1. Archive

Seeing the world through a different lens

(ran South, Beach, Seminole editions)

You wouldn't know it from looking at his nature photography, but Frank Planes walks with a red-tipped cane.

Legally blind, he views the world through a thin, vertical slit.

"Like looking through a crack in a board," he says. "My vision is pie-shaped. The farther away, the more I can see."

With a digital camera, he uses his slice of vision to catch sandhill cranes on the wing, at water's edge and caring for a fuzzy chick. The images are vivid and intimate, some striking enough to look right at home on a calendar.

Planes, 64, lost most of his sight six years ago, the last in a series of challenges.

He had grown up in Miami, raised three children by himself and had his own commercial real estate and mortgage lending business.

"When Hurricane Andrew came, I had 42 houses ready to close and all but one got blown away," he said.

After that, Planes suffered a first stroke, retired, then was injured in an automobile accident. About six years ago, he moved to the Archstone Boot Ranch apartments. A week later, he had his second, more serious stroke, and lost most of his vision. Bouncing back was tough.

"You're really down and out when you wake up and find yourself with a big change," he says. "Basically, you sit on the couch and wait to die."

Then he heard about a group now called the Watson Center for the Blind and Visually Impaired, a private, nonprofit rehabilitation agency in Largo. He enrolled in a coping skills class with instructor Wanda Austin, who lost her sight shortly after her 40th birthday.

"The good news is that it certainly can get better and that's one of the things we do here," Austin said. "We help people rebuild their lives and find hope in the process. You know, hope's a wonderful thing. It's a very powerful thing."

When he saw Austin immaculately dressed, in makeup, sipping a cup of coffee without spilling a drop, Planes took heart.

"By the time you go to the class, you go out happy with what you've got," he said. "You find a way to do just about anything with the vision you have. And some of them have no vision at all."

After more classes at the center, Planes took computer classes at St. Petersburg College. About 2{ years ago, he found a new hobby _ digital photography.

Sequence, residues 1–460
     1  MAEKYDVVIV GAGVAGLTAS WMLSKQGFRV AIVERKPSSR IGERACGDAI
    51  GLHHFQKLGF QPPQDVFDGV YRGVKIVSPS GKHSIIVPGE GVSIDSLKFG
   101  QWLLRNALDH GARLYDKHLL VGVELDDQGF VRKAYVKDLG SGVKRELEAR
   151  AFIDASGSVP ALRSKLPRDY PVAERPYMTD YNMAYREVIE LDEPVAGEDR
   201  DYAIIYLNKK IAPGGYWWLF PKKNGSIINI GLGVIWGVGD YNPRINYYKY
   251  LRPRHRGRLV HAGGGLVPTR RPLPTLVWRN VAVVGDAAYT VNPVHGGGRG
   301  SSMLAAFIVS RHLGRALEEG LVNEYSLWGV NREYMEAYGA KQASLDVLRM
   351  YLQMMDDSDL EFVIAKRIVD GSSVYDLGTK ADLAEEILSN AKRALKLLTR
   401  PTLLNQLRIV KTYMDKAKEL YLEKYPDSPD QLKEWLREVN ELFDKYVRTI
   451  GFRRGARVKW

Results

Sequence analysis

These days, Planes' studio is a small pond not much bigger than a baseball diamond on the southwest corner of Tampa and McMullen-Booth roads. Most people pass it without a glance.

But Planes has gotten to know its wildlife with a patience and devotion worthy of Henry David Thoreau.

"It's just amazing how many people live and work around here and don't know what's going on in this pond," he says. "Each season it's different. The foliage is different. The water's different. The birds are different. You'll find an angle in most any light."

At the pond, he has photographed more than 30 kinds of birds so far, including two sandhill cranes, as well as trees, water lilies and dragonflies.

"Some days, you don't see anything," he said. "And some days, you see everything."

He roams the area near his apartment with his two rescued greyhounds, Gwen and Happy Boy, looking for possible subjects. Then he returns without the dogs to take pictures.

Late last fall, he spotted two sandhill cranes in the middle of the pond. And by early April, the cranes were traveling with a chick, which he thinks is a male.

Planes takes pictures of them once or twice a week, documenting the rapid growth of the chick, now roughly the size of an adult. They regard him with no fear when he leaves the dogs at home.

Once Planes squatted down for a picture. When the cranes came too close, he tried to back away, landing his 200 pounds with a clatter of cane and a cry.

"They started walking toward me as if to see if I was all right," Planes said. "It was either concern or curiosity."

So he stepped back in the bushes and they started feeding beside him.

One recent evening, Planes watched the cranes in the middle of the pond just before dusk and talked about his craft.

The focus is the hardest part.

"If I can get them in my line of sight, I can get reference points," he said. "Sometimes, one of them will make a move and that's how I find them. If I can find something around them that has high contrast, then I can set the focus and snap it."

Planes uses a Sony F717 digital camera with a zoom lens that can store about half a gigabyte of data. That's about 368 of the 22- by 28-inch pictures he takes. And since he can't drive, a benefit is that the digital format means no trips for film or processing.

He uses the autofocus setting frequently or a wide-angle lens because it has a wide range of sharp detail. Usually, he can't see his subjects well enough to frame them tightly in the camera. So he takes a picture covering a wide scene and then crops in for a composition he likes at the computer. The prints he makes are shared with family and friends.

"Look at 'em, at peace with the world," Planes said as the dusk deepened. "They've adapted pretty well, considering."

Still, he recently saw the cranes walk into traffic before retreating to the curb. And the chick is stretching enormous wings, preparing for the day when the cranes fly away to safer feeding grounds.

The blind photographer extends the hope that sustained him to the chick he's watched grow over the last three months.

"I just have this big feeling this guy's gonna make it," he said.

Frank Planes, who is legally blind, moves in to photograph a pair of sandhill cranes and their chick. Planes has formed an extraordinary bond with a group of the birds.

The sandhill crane chick has shown remarkable change at 2 months of age. "He is one growing bird!" said photographer Frank Planes. The more time Planes spends with the birds, the less they fear him _ as long as he leaves his dogs at home.